Sinopharm vaccine used on Duterte covered by FDA compassionate use permit — Palace

Robie de Guzman   •   May 4, 2021   •   97

MANILA, Philippines — The Sinopharm COVID-19 vaccine dose that President Rodrigo Duterte received on Monday night was covered by the compassionate special permit (CSP) issued by the Food and Drug Administration (FDA), Malacañang said Tuesday.

Presidential Spokesperson Harry Roque said the dose given to Duterte was part of the 1,000 doses of Sinopharm donated by the Chinese government, which are covered by the FDA’s CSP for the legal administration of the 10,000 doses of Sinopharm in the country.

The FDA issued the CSP in February this year for the use of Presidential Security Group members.

Roque issued the statement in response to queries on why the President was injected with a vaccine that has yet to secure an emergency use authorization from the FDA.

“Covered po yan ng compassionate special permit so wala pong nalabag ang ating president. Yung supply naman po ay nanggaling sa additional 1,000 donation ng Chinese government to the Philippine government,” he said during an online briefing.

Roque also said that the president took the Sinopharm vaccine based on his doctor’s advice.

Echoing Roque’s statement, vaccine czar Carlito Galvez Jr. said that the president’s physician recommended the Sinopharm vaccine adding that leaders in other countries have also used the vaccine.

“Yung Sinopharm ang ginagamit ng leaders sa China at tsaka nakita natin mahal yan, yan din po ang ginamit ng mga leaders dun sa area ng Middle East, with that nakita ng rekomendasyon ng kaniyang doktor, talagang Sinopharm, mas ano sa kaniya,” Galvez said.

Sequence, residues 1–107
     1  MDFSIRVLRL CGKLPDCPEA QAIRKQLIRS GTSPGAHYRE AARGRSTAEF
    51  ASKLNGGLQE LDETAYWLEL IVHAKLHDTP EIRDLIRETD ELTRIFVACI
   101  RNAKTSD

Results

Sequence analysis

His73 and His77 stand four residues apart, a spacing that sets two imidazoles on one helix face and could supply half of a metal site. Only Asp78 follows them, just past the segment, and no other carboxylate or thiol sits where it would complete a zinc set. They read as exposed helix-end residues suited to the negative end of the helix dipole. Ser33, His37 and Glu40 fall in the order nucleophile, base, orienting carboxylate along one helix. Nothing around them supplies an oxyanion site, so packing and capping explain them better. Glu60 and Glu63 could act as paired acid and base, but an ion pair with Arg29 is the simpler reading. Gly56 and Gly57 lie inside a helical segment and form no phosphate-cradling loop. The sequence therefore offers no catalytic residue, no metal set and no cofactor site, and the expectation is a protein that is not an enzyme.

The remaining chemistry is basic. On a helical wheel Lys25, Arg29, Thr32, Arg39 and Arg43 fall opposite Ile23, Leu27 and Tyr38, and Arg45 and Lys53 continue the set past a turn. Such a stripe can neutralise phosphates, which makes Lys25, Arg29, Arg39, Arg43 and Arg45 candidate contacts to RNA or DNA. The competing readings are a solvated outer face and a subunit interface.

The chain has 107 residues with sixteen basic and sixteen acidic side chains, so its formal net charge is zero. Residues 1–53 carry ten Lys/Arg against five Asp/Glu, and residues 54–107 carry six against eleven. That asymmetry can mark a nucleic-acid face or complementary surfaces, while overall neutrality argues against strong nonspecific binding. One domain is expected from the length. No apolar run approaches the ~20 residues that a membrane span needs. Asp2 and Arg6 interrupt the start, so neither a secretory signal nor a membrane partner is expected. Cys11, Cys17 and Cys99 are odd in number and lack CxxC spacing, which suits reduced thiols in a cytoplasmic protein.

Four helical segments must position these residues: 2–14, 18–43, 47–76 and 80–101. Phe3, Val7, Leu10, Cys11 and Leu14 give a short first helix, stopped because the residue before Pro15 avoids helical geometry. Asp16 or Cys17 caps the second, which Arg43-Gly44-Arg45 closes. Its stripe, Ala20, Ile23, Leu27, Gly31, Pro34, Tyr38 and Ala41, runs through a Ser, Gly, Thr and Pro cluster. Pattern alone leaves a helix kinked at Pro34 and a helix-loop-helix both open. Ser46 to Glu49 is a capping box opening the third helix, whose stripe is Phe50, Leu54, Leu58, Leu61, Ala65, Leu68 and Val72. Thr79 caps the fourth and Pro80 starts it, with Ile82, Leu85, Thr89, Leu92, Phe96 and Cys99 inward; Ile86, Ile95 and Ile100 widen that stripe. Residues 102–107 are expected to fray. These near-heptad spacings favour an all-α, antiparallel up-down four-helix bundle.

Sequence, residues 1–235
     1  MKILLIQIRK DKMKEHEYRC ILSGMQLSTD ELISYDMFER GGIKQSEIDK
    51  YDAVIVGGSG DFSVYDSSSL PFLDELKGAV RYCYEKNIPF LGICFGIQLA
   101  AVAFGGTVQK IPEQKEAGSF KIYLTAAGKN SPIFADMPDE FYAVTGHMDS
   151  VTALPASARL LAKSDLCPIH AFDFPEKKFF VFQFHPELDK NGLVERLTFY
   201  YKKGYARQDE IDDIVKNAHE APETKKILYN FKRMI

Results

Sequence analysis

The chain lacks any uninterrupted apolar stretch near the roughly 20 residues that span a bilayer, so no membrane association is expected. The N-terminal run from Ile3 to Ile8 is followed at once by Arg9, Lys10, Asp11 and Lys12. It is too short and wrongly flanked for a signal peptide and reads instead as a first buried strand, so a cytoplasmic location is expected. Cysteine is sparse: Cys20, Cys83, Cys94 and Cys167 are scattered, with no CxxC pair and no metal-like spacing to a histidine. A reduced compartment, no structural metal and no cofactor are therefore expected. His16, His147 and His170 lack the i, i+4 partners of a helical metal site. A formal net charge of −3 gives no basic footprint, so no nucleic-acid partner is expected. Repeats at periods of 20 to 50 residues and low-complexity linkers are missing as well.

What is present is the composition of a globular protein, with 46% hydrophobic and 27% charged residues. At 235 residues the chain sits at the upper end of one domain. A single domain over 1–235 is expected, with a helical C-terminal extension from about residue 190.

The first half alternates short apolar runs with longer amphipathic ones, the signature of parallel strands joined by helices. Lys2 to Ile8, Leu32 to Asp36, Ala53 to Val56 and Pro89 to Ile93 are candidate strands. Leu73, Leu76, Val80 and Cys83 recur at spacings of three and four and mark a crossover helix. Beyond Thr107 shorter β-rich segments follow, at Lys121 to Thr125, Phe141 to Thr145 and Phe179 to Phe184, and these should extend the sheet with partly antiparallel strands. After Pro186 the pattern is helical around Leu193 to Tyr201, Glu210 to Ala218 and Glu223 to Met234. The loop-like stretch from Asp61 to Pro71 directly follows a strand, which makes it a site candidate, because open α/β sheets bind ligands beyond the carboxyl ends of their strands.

Roque said Duterte did not experience any adverse reaction after getting inoculated on Monday night.

The president is expected to receive his second dose after a month, he added. – RRD (with details from Correspondent Rosalie Coz)

Evaluation of EUA application for Sinopharm vax may be completed in less than 21 days – FDA

Robie de Guzman   •   May 11, 2021

MANILA, Philippines – The evaluation process for the Sinopharm COVID-19 vaccine will not take long before it can be granted an emergency use authorization (EUA) in the Philippines, the Food and Drug Administration (FDA) said Tuesday.

FDA director-general Eric Domingo said the Sinopharm vaccine has already been included in the emergency use listing (EUL) of the World Health Organization (WHO) and access to its documents, including inspection reports from the WHO will be faster.

“Useful yung kanyang Emergency Use Listing sa WHO kasi before this, wala pa siyang EUA from a stringent regulatory authority katulad ng mga USFDA ganyan or Europe, Japan… hindi pa siya listed sa mga iyon. Pero yung WHO na emergency use listing that’s equivalent to a stringent regulatory authority,” he said.

“Ang maganda sa WHO kasi very transparent ang documents nyan. Available din siya sa FDA. Lahat ng ni-review nila, maaari naming ma-access kaya hindi tayo masyado mahihirapan sa paghingi ng information,” he added.

The Department of Health (DOH) earlier said it has started the process of applying for EUA, pending documents about the vaccine product.

The FDA said the process may take less than 21 days once the DOH completes the application process.

“Kapag ganyan na merong WHO EUL, mas mapapabilis iyan. Nakakaya natin iyan usually less than 21 days,” Domingo said.

The FDA also echoed the DOH’s earlier statement that there are no irregularities with the government’s move to file an EUA for a Chinese-made vaccine since they also applied for the EUA of other COVID-19 vaccine brands, such as Sinovac, AstraZeneca, and Pfizer, in order for these vaccines to be delivered to the country.

“Talagang nasa batas and it’s a worldwide practice,” he said. “Based on WHO guidelines, posible naman na gobyerno gusto bumili ng bakuna na walang local manufacturer or representative dito. In those cases, the government itself can get EUA.”

“Hindi naman conflict yun dahil ang EUA ay hindi naman product registration o marketing authorization lang, talagang for emergency use lang ang mga bakuna,” he added. – RRD (with details from Correspondent Aiko Miguel)

Duterte: I asked Chinese Pres. Xi Jinping for help on COVID-19 vaccines but no talks on WPS

Robie de Guzman   •   May 11, 2021

MANILA, Philippines – President Rodrigo Duterte on Monday disclosed that he asked help from his Chinese counterpart Xi Jinping in obtaining COVID-19 vaccines but insisted that they did not discuss issues on the West Philippine Sea.